Labour – whose side are you on? Time to come clean on welfare & jobs



It was great to see Labour and the Green Party come out with their proposal for a single state-owned buyer of electricity last week.

Ah hah, I thought. At last Labour – perhaps spurred on by their new best friends the Greens – have found some courage. And lovely to see John Key accusing the two parties of sabotage and ‘far-Left’ politics. Couldn’t be further from the truth, but it lifts the spirits to see some spark finally emerging from the centre left.

On the electricity front, the big question of course is whether Labour and the Greens will actually action their proposal once they’re warming the government benches. I remember all too well how Labour lost its bottle on the employment relations front in the face of massive business opposition in the winter of 2000, despite a recent election victory and the Alliance being part of that government.

But good luck to them, and may both parties remain true to their single-buyer promise.

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On another current political battleground, however, Labour remains as dubiously shifty as ever. When it comes to welfare and jobs, I still have no clue as to where Labour stands in the face of the Bennett-Rebstock rampage.

Well meaning MPs like Jacinda Ardern and Carol Beaumont make resounding speeches in the House opposing National’s brutal welfare bills.

However, what many of us out here in the real world really want to know is whether Labour will legislate to overturn the reforms in all their awful detail when their party becomes part of government again?
There has been no clear statement on this from Labour at any point.

Over the last few decades, Labour has been as culpable as National when it comes to its approach to welfare and decent job creation.

Roger Douglas and co in the 1980s methodically wiped out hundreds of thousands of jobs, decimated small town New Zealand, ended full wage job creation schemes (now looked back on with great fondness by many in districts currently hard hit by unemployment) and began the first work for dole scheme since the Depression.

Labour in the 2000s never even attempted to lift benefit levels to their equivalent before National’s 1991 cuts; got rid of the Special Benefit which made the difference between survival and desperate penury for many; reintroduced no-go zones in a number of rural and provincial areas, making it even harder for working age people to stay in or return to their home districts; established massive structural discrimination against the children of beneficiaries via the In Work Tax Credit portion of Working for Families; and undermined in legislation the very purpose of social security as established by their forebears in 1938.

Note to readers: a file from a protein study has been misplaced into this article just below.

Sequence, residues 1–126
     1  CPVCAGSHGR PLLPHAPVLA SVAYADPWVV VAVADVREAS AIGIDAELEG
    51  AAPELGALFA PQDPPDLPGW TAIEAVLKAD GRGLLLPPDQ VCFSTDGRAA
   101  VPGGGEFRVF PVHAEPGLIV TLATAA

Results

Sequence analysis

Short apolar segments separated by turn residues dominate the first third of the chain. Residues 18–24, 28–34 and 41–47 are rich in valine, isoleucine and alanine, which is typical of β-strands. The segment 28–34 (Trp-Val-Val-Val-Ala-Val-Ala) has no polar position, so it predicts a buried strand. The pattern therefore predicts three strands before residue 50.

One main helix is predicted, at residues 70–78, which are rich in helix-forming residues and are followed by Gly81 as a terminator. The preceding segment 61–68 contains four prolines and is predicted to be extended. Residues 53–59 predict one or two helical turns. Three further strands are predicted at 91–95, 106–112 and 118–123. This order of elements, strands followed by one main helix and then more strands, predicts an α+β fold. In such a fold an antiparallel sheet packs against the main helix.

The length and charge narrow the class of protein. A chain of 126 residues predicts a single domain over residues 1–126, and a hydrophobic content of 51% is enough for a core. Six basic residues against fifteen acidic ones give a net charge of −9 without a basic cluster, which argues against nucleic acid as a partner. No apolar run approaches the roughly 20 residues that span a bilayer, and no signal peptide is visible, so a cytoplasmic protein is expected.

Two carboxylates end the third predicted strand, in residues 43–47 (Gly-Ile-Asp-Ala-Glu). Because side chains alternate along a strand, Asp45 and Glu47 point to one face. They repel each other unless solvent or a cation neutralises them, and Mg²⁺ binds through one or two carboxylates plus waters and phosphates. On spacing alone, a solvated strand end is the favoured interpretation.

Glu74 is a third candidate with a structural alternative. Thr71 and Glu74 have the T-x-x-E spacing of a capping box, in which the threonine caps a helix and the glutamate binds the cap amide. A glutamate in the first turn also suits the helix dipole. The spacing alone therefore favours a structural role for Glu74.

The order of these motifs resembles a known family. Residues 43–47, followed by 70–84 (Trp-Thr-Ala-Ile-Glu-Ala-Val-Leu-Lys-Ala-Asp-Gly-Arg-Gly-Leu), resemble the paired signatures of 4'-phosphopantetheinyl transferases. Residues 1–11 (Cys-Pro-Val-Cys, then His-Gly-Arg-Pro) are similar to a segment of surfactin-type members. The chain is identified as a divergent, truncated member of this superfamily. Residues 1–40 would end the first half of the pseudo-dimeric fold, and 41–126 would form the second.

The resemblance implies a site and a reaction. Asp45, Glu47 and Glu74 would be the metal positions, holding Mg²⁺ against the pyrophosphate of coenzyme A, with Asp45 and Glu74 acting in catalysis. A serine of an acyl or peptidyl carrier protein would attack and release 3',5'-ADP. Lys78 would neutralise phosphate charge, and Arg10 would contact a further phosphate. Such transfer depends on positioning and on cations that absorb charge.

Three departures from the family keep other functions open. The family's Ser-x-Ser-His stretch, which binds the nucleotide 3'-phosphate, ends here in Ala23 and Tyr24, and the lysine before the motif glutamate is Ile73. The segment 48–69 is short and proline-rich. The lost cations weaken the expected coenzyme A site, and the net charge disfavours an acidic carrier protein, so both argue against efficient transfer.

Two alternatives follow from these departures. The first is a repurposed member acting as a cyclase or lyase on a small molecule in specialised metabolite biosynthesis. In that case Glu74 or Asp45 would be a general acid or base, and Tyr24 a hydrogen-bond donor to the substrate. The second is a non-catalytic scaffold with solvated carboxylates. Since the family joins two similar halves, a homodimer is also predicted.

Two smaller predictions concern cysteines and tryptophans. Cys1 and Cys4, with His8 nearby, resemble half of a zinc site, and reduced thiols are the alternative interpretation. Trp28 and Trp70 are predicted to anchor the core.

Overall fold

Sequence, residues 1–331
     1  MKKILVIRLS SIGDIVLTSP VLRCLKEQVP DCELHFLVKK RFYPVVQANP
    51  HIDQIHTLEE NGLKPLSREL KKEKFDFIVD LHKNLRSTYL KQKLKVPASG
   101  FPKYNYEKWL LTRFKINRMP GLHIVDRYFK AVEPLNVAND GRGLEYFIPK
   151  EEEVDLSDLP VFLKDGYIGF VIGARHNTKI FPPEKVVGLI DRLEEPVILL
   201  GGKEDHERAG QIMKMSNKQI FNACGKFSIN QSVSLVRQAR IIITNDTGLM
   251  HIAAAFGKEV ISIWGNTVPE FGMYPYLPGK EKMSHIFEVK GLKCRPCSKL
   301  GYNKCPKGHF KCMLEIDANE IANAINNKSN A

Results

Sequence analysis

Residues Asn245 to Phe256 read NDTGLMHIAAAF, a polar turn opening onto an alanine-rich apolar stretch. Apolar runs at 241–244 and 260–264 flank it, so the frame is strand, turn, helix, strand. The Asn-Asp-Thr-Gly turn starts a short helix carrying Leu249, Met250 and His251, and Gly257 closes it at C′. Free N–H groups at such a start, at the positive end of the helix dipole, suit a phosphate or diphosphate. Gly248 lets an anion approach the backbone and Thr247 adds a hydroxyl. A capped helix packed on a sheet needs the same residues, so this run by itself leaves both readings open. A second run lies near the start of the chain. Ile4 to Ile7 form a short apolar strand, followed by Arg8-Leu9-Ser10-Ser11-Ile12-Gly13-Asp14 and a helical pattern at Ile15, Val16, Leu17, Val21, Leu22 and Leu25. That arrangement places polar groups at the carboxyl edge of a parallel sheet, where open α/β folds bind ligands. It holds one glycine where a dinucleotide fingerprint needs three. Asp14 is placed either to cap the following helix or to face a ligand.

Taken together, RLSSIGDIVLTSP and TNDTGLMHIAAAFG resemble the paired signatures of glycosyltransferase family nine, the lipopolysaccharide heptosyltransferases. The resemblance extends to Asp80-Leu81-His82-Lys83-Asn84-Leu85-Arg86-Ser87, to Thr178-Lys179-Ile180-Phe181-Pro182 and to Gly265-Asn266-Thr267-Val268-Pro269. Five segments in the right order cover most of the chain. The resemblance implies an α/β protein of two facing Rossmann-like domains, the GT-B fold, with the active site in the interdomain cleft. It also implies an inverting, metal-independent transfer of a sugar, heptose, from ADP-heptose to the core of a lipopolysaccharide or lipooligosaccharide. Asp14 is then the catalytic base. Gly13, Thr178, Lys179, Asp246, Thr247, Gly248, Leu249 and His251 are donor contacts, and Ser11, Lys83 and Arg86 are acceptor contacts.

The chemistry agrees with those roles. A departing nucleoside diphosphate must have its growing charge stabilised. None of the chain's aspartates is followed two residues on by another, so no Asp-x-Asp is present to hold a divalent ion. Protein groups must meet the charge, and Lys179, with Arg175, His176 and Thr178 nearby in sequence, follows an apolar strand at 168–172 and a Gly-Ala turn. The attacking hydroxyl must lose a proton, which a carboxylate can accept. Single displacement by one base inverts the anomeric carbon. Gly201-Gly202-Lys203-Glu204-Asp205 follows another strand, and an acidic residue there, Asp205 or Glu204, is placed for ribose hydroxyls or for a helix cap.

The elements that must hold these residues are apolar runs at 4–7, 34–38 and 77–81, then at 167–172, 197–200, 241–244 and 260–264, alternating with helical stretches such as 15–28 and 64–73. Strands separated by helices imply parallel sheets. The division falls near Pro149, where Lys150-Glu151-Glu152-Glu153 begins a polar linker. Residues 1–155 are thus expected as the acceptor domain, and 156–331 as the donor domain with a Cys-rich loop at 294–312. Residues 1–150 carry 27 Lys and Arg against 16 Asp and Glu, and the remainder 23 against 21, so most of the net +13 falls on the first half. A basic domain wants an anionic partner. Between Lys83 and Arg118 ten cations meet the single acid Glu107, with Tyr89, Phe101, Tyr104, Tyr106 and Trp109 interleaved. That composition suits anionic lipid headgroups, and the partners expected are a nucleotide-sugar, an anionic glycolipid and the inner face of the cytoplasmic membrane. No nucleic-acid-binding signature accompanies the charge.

Paula Bennett and John Key have ridden in on the back of Labour’s 2000s welfare changes to cement in a culture and practice which foments our country’s unfortunate disposition towards hatred of beneficiaries, as evidenced by the recent report showing that those dependent on income support are now the most discriminated against group of people in Aotearoa.

Last week a Labour MP told me that her party does not plan to make any announcements on welfare policy till some time not long before the 2014 election.

That’s just not good enough.

David Shearer’s sickness beneficiary on a roof speech was naively revealing of his true feelings about beneficiaries. His lack of regret since then about what he said and how he said it simply shows that he, too, buys into the blind prejudice so prevalent in our communities.

In the face of Shearer’s speech and the lack of any commitment to turn back National’s reforms, every day that goes by only deepens the sense that Labour is still stuck in the same conservative, blinkered space on welfare and jobs.

We need a clear positioning statement soon, or the suspicion will be that Labour is going to carry on as usual, perhaps making small superficial changes for the better, but not dealing with the finely tuned cruelty of our complex welfare system and the total lack of any Government commitment to full wage job creation.

I challenge Labour to tell us where you really stand, well before election year.

Come clean on whether you’ll wipe out the Nats’ reforms of the past two years, or let them ride.
Show us that you’re interested in real solutions on welfare, poverty and unemployment, like full wage job creation, the fair application of Working for Families to all children, and a move towards a Universal Basic Income.

People are suffering now, day in and day out, and once the impacts of the latest social security legislation come into force, that suffering is only going to deepen.

I’d love to see your party apply a little intelligence to the situation, rather than blind prejudice.
The pledge to establish a single buyer of electricity is well and good, but how about showing some courage on another, more desperate front, and recall on whose votes the Labour Party first rode to power – the unemployed workers of the 1930s.


  1. Well said Sue! I too have had my hopes raised that Labour has at last found its bottle and will now stand up and clearly articulate a humane, socially responsible alternative to the nightmare that National and its cronies have unleashed on NZ. Breath held; fingers crossed.

  2. Well said, Sue. My concern is that Shearer still hasn’t really stated what he supports, beyond his talking up of (Third Way style) PPPs.

    I have noticed that Jacinda Ardern has shifted from apologetic statements supporting Shearer’s beneficiary on the roof comments, to explicitly denouncing beneficiary bashing, and against Bennett’s “undeserving” poor rhetoric.

    Ardern has made some recent statements of a difference vision for Labour, as I posted about here.

    In her speech during the third reading of the Social Security (Benefit Categories and Work Focus) Amendment Bill, Third Reading, Ardern argued that Labour wants to rebuild social security so that it is: